I was on a road trip with my parents and sister when I was 12. We were probably on day 4 when we were far enough into the trip to be on our own nerves and to make matters worse, we were pulled over in the middle of the night. No one else was on the road and we were all exhausted, so naturally, there was silence; No one was talking, but a faint voice echoed throughout the car as my sister was listening to Lil Wayne's 3 Peat from his 2008 Tha Carter III. Yes…. it's been that long.
I remember this music being banned in my household. Can you relate? I specifically remember being subject to endless playlists of Bruce Springsteen and Ryan Adams. Music which was on the opposite side of the spectrum from Lil Wayne or Kanye.
Blasting through her headphones was Wayne's first verse on the song, which triggered a reaction. It triggered our family's battle against rap music. A fight, that I assume, takes place in most white, middle- class suburban households, and in this case, with good reason as my parents were exposed to the worst that rap and hip- hop culture has to offer. It was a concoction of murderous language, sprinkled with cursing, backed by a track that was foreign to ears conditioned by rock drums and electric guitars. It was everything a 13-year-old in junior high SHOULDN'T be listening to… Or was it?
I don't blame my parents for shutting down my sister's music operation. They were protecting her from what they understood, but rap music goes much deeper than the "unnecessary language, sex, guns, drugs, and violence."
Rap captures moments. It paints the picture of a lived experience that goes beyond the complex words which are woven together through the analysis of tempo and rhythm. Its pieced together through syllables and rhymes and is produced through the convoluted systems that dictate how and where people live. The way it's made is as complicated as its history, and the thought that goes into each verse runs deeper than the thinking behind the laws that catalyzed its birth.
Rap music is the voice of people, but more specifically, it speaks for those who don't have representation; Those who have been left behind or forgotten. It has and still does, provides listeners with a commentary on issues in politics and policy, race and class struggles, and even sexuality, but it also serves as therapy while reminding its audience to live life to the fullest.
I have learned so much from rap music.
As a white kid growing up in the suburbs of Los Angeles, I was protected. My city, Rancho Cucamonga, was a safe place removed from the violence and drug trafficking associated with South- Central LA: A place a person like myself has no business stepping foot in. A place where you can be gunned down for wearing the wrong color, but its also a place that holds a deep connection with its furious culture. It's a place whose style writes a narrative about decades of discrimination.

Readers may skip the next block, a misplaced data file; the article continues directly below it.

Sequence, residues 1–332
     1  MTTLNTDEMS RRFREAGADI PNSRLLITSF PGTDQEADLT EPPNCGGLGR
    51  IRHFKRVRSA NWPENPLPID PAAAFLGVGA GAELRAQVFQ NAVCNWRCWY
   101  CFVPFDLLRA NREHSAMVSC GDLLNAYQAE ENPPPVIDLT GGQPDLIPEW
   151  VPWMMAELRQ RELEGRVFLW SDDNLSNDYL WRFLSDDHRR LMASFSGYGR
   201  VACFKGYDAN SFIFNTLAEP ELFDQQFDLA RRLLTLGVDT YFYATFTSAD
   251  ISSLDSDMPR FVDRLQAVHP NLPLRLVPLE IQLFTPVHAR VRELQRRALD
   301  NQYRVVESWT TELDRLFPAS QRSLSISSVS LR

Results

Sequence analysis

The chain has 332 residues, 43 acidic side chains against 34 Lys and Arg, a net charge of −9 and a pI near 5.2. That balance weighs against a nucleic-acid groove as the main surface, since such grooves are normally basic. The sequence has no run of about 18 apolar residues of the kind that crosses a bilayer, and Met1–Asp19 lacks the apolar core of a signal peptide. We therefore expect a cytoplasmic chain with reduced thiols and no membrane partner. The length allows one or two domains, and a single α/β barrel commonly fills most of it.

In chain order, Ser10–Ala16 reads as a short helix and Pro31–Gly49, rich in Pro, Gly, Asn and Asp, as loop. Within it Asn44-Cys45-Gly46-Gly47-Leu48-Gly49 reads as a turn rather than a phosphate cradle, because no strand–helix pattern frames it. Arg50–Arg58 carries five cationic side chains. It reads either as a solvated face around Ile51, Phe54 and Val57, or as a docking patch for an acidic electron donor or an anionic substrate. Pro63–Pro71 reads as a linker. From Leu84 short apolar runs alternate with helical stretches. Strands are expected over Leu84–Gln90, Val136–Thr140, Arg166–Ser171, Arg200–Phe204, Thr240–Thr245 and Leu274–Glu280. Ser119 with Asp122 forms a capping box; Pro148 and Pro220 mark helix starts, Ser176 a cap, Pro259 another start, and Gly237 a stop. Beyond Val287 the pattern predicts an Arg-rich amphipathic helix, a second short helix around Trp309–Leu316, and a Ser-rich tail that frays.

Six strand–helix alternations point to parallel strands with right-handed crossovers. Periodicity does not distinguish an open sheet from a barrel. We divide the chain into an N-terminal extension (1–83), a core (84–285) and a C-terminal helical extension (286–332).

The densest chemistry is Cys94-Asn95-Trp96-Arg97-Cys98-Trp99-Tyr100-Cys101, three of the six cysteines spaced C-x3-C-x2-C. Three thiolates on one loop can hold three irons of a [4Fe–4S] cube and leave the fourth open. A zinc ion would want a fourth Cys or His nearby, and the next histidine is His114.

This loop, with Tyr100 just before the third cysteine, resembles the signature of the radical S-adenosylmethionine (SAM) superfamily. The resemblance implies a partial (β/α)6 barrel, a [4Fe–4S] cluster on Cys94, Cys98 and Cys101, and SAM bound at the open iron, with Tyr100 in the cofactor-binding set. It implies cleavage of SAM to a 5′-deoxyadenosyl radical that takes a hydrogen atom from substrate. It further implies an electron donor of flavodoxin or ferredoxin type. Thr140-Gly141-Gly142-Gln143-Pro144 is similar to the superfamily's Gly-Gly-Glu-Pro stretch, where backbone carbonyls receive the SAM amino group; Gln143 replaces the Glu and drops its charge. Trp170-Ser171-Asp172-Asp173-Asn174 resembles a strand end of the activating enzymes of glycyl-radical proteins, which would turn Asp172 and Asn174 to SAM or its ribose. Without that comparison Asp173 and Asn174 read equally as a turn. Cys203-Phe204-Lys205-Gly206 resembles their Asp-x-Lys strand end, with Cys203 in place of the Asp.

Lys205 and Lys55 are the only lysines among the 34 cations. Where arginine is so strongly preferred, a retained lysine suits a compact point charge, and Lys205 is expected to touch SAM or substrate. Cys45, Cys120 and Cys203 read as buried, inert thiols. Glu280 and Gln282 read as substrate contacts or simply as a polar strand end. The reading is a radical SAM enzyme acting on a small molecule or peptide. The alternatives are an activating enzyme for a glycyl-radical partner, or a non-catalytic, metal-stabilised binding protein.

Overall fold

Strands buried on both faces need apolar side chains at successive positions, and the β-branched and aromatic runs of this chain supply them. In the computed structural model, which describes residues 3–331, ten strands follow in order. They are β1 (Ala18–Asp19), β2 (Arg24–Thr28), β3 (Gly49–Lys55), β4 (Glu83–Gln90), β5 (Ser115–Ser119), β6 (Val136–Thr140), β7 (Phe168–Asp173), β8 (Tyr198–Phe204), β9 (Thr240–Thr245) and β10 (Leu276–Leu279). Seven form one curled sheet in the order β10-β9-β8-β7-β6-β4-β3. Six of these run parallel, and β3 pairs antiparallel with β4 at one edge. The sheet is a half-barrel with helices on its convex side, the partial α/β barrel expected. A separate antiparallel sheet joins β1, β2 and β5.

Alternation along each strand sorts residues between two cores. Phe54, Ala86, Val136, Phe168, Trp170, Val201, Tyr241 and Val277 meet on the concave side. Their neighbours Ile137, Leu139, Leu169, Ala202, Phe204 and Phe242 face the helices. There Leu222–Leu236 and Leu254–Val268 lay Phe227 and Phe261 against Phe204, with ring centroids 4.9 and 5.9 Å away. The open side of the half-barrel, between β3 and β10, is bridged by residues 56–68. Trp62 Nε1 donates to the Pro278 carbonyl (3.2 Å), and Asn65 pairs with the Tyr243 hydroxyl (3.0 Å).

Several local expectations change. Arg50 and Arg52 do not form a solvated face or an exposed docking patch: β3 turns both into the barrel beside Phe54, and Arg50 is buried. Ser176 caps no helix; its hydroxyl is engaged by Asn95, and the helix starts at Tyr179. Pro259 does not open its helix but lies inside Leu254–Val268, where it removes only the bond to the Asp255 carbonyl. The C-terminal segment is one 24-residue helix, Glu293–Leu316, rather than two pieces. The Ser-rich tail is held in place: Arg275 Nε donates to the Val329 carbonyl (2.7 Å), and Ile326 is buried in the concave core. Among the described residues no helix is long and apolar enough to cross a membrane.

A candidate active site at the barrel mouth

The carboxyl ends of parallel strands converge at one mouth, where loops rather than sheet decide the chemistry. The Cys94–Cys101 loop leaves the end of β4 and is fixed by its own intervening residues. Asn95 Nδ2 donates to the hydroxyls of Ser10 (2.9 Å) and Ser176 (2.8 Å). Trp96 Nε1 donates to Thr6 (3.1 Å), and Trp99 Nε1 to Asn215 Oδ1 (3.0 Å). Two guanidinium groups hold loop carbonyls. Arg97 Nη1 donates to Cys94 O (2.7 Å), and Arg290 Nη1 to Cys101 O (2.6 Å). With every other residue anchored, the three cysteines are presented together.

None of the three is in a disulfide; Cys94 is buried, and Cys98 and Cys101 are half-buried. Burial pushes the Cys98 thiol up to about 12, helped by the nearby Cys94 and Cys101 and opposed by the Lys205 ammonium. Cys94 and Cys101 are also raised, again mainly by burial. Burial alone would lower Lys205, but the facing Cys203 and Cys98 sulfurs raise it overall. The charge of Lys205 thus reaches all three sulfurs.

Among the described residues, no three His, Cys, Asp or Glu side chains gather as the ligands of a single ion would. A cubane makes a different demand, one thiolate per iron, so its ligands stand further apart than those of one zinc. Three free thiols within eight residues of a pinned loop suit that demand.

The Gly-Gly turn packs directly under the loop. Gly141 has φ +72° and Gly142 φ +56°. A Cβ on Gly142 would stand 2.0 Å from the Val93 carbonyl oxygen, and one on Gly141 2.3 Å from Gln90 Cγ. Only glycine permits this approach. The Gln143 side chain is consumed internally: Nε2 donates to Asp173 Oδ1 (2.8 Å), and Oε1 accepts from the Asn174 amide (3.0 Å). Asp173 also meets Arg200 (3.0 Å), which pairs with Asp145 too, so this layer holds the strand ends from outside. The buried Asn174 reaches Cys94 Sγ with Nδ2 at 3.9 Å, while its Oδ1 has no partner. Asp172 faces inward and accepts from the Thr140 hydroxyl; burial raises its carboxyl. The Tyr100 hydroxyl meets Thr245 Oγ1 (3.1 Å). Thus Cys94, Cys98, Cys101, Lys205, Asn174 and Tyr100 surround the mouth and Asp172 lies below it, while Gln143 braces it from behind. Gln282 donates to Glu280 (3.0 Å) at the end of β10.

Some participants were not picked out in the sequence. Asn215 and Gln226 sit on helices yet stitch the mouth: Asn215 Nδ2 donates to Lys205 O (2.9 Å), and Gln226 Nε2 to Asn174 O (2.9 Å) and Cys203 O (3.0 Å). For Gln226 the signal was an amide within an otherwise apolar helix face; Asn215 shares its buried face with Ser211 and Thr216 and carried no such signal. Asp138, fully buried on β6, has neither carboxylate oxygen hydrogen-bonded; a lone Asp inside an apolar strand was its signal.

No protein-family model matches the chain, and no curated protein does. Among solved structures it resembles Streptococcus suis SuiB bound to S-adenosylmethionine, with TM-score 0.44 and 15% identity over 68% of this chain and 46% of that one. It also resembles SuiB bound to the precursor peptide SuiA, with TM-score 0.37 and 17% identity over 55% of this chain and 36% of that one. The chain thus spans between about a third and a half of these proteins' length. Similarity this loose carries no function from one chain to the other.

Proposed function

West Coast rap tells the dark story of Los Angeles dating back to the Watts Riots in 1965. It transcends generations touching on Rodney King, The LA Riots, police brutality, black nationalism, and the LAPD's tactics of containment and suppression. The music is a history lesson far removed from the 2-week long span of black history taught in high schools. Instead, it's the whole ugly truth that our policymakers do not want our children to learn about.
Finally, it's a window into an experience that I will never fully understand. It's about as close to America's Minority lifestyle as anyone white person can get. I can listen to as much rap as possible, but I will never truly have the ability to empathize with the experience. Instead, I can take the history, the lyrics, the anger, the violence, the rhythm, the call for change, the call for peace, the call for happiness…. The culture, into consideration, and I can work to make this country a better place for every individual to live in.
My parents had every right to keep us from listening to rap music. Again, it's a furious genre of music littered with violence and dark imagery. In a sense, I'm thankful it was restricted for a couple of reasons:
I did not have the education to interpret the lyrics until I was a senior in high school, and their restriction inspired a rebellion that unlocked access to a whole experience
To the parents who are actively fighting the war on rap:
Learn the history, learn which artists have the best intentions, and have a conversation with your kids. Let them listen to the stories that are pushed into the shadows of history. Your child's perspective will change if done correctly.